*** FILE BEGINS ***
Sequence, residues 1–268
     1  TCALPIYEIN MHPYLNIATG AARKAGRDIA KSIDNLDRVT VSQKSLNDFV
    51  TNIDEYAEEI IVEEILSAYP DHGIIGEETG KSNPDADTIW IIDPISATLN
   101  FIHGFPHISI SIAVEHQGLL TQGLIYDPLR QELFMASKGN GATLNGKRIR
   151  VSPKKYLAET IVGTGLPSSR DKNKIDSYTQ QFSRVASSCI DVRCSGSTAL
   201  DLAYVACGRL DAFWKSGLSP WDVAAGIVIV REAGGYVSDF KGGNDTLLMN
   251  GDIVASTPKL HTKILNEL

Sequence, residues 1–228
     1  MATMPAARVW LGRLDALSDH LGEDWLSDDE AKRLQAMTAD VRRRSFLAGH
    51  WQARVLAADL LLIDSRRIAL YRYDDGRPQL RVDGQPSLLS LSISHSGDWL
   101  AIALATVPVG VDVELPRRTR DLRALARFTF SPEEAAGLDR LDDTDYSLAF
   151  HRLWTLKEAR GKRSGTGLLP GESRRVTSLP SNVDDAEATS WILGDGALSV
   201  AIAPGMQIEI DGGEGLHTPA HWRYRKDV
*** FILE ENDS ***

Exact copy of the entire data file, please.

Sequence, residues 1–268
     1  TCALPIYEIN MHPYLNIATG AARKAGRDIA KSIDNLDRVT VSQKSLNDFV
    51  TNIDEYAEEI IVEEILSAYP DHGIIGEETG KSNPDADTIW IIDPISATLN
   101  FIHGFPHISI SIAVEHQGLL TQGLIYDPLR QELFMASKGN GATLNGKRIR
   151  VSPKKYLAET IVGTGLPSSR DKNKIDSYTQ QFSRVASSCI DVRCSGSTAL
   201  DLAYVACGRL DAFWKSGLSP WDVAAGIVIV REAGGYVSDF KGGNDTLLMN
   251  GDIVASTPKL HTKILNEL

Sequence, residues 1–228
     1  MATMPAARVW LGRLDALSDH LGEDWLSDDE AKRLQAMTAD VRRRSFLAGH
    51  WQARVLAADL LLIDSRRIAL YRYDDGRPQL RVDGQPSLLS LSISHSGDWL
   101  AIALATVPVG VDVELPRRTR DLRALARFTF SPEEAAGLDR LDDTDYSLAF
   151  HRLWTLKEAR GKRSGTGLLP GESRRVTSLP SNVDDAEATS WILGDGALSV
   201  AIAPGMQIEI DGGEGLHTPA HWRYRKDV